In the second part of our exclusive interview with Chelsea’s Player of the Year, Mason Mount pinpoints the lessons he’s learnt from the past two seasons at Stamford Bridge and where he can improve further still…
At just 22 years of age, Mount is the youngest winner of the club’s individual accolade voted for by Blues supporters for two decades. The last man to be awarded the prize at a younger age didn’t do too badly in west London and if the midfielder can come close to matching the achievements of John Terry in royal blue then he’ll be very happy with his lot.
In the first part of our special interview, Mount dedicated the award to those he had worked and played with throughout his journey through the club’s Academy, praising the impact of coaches, team-mates and staff on his incredible rise to the top.
Yet development doesn’t stop when a player moves across the road at Cobham from the Academy building into the first team. Mount typifies the modern player with his desire for self-improvement and thirst for learning, absorbing information and experiences from senior colleagues and staff. He isn’t resting on his laurels, even after winning the Champions League in Porto last weekend.
‘I always want to step up in the next season that I play in,’ he claims as we resume our chat with a look ahead to the future. ‘I always want to get better, do more, have better stats, so that’s something at the end of the season that I always try to look at and see where I can improve on.
‘Over the past few months, I’ve felt myself growing as a person, not just on the pitch but off the pitch as well. My role in the team has changed, being a big player and wanting to step up in big moments and really push the boys.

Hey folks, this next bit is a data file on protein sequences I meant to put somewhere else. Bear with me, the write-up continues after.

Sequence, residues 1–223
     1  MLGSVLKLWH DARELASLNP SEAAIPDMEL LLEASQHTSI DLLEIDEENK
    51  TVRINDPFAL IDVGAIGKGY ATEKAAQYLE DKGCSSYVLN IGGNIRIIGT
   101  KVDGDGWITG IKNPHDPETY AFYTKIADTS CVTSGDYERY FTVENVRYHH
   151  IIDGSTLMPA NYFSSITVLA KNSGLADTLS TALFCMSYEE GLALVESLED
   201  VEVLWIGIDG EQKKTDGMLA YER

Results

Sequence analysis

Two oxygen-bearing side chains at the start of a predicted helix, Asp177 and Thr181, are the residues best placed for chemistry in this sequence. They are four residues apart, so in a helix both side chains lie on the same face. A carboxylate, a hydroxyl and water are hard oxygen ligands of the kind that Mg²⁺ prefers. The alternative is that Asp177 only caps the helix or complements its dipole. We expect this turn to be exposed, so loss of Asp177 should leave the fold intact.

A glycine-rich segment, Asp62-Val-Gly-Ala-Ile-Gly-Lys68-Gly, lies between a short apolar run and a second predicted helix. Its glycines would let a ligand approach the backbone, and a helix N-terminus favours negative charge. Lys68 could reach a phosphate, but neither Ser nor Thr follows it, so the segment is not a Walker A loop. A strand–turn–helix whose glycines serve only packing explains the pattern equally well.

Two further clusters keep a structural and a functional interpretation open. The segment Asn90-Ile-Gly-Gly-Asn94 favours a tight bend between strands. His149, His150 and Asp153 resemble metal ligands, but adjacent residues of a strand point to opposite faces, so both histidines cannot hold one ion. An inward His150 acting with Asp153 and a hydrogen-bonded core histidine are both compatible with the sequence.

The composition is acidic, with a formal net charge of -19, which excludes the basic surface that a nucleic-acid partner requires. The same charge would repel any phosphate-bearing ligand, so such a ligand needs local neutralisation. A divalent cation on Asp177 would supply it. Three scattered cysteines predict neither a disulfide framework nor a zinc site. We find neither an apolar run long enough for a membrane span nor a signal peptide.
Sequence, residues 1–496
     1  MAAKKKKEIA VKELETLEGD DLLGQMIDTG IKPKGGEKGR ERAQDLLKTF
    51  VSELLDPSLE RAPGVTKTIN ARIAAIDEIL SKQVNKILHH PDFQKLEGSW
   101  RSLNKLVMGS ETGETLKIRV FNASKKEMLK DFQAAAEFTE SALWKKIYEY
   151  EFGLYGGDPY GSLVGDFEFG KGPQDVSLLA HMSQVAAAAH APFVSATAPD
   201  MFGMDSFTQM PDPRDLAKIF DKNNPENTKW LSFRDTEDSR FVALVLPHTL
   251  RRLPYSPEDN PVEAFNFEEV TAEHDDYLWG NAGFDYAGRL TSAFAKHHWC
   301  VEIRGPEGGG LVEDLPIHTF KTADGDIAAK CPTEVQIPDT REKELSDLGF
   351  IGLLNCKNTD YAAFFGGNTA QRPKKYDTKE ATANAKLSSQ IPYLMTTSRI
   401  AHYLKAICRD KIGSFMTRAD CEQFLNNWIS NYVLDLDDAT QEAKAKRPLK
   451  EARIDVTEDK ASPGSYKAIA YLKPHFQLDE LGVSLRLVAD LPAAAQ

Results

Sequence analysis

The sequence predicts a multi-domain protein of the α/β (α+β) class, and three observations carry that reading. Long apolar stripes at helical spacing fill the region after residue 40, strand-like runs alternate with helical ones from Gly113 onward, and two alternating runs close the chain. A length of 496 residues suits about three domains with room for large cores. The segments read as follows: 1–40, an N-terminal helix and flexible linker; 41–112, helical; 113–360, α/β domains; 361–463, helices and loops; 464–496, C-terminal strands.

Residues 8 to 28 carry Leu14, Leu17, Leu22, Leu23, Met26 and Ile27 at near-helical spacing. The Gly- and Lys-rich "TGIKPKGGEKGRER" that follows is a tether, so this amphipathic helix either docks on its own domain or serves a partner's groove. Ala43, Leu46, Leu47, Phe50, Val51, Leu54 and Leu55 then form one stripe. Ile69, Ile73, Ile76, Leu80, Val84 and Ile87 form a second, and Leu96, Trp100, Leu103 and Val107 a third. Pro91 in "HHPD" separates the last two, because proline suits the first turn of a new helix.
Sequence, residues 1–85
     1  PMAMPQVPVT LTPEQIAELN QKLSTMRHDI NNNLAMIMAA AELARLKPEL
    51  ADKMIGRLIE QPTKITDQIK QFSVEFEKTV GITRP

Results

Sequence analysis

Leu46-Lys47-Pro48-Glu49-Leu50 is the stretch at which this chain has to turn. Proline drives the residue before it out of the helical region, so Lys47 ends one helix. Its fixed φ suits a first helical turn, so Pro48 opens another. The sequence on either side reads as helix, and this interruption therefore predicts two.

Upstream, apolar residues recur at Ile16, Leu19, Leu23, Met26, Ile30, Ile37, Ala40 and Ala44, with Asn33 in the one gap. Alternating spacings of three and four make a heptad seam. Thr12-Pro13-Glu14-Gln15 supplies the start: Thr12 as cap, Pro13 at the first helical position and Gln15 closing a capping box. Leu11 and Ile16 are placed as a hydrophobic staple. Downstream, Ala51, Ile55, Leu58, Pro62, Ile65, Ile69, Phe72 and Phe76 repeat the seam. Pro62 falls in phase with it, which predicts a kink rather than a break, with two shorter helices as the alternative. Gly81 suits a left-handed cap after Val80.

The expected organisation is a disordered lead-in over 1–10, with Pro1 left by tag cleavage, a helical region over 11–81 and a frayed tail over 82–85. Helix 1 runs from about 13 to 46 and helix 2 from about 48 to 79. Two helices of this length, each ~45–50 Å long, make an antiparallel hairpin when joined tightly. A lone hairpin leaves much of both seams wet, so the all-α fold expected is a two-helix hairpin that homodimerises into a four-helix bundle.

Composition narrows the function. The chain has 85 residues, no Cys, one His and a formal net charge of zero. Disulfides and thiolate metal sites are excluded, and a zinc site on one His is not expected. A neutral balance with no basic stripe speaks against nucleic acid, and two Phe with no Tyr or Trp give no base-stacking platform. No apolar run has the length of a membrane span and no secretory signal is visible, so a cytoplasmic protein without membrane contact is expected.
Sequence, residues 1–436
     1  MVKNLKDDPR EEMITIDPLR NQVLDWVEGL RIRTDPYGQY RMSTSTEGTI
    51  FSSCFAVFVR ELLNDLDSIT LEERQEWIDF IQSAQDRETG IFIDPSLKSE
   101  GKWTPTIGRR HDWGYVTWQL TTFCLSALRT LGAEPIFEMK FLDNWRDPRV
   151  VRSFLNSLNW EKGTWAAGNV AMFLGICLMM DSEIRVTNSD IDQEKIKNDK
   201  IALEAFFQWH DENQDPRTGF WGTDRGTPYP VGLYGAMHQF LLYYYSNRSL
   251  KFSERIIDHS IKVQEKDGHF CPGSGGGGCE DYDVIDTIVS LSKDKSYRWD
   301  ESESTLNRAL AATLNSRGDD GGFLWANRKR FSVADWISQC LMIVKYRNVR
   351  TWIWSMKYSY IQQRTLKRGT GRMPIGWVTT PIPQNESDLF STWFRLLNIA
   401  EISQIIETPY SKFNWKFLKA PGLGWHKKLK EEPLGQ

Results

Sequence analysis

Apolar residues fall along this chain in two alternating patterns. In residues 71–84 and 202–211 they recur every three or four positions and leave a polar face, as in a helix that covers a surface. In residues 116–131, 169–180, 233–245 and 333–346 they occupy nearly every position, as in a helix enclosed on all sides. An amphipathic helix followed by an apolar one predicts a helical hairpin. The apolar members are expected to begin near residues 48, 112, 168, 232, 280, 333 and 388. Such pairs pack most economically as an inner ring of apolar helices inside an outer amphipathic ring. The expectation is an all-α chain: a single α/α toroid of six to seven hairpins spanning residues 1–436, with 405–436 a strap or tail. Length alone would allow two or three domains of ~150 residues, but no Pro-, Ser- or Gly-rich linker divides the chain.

‘I’ve had the captain’s armband twice now and that gives me extra confidence but I definitely think I’ve worked at things. I have that belief that I’m doing well but I can also get even better. That’s something as a player that you need to really improve.’
Like Terry, Mount captained the Blues for the first time within days of his 21st birthday back in January. Skipper of an FA Youth Cup-winning side in his Academy days, the armband itself was not a novel accessory for him but his style of leadership has noticeably evolved over the past five years.
As a teenager and a mercurial midfielder, Mount led by example with actions rather than words, often inspiring those around him with moments of brilliance or a consistently high level of performance. However, a regular place in the team has brought with it confidence and has seen our number 19 develop other means of influence.
‘I’m learning more and more about that role,’ he says of developing as a leader. ‘I had it when I was a bit younger in the youth teams where I was captain a couple of times and leading the boys to a Youth Cup was special. I learnt a lot from that so now coming to this season, I can bring that experience I’ve had in the past and use it but also add things to it as well.
‘When you reach the senior game, you can still be someone that leads by example but you can’t just be that. You need to bring more to the team and as a captain at a big club like this, to have that personality and vocalness around the boys really helps. You need that with a team like this, to lead them when games are tough, to really step up and be a big player, so that’s something I’ve learnt as well to add to my game.
‘I’m always learning and that’s always going to be something that I’m going to get better and better with. You look at the players in the past who have been top players and legends of this club, captains that you can try and take things off. That’s something I’ve always looked at growing up and I still look at now.’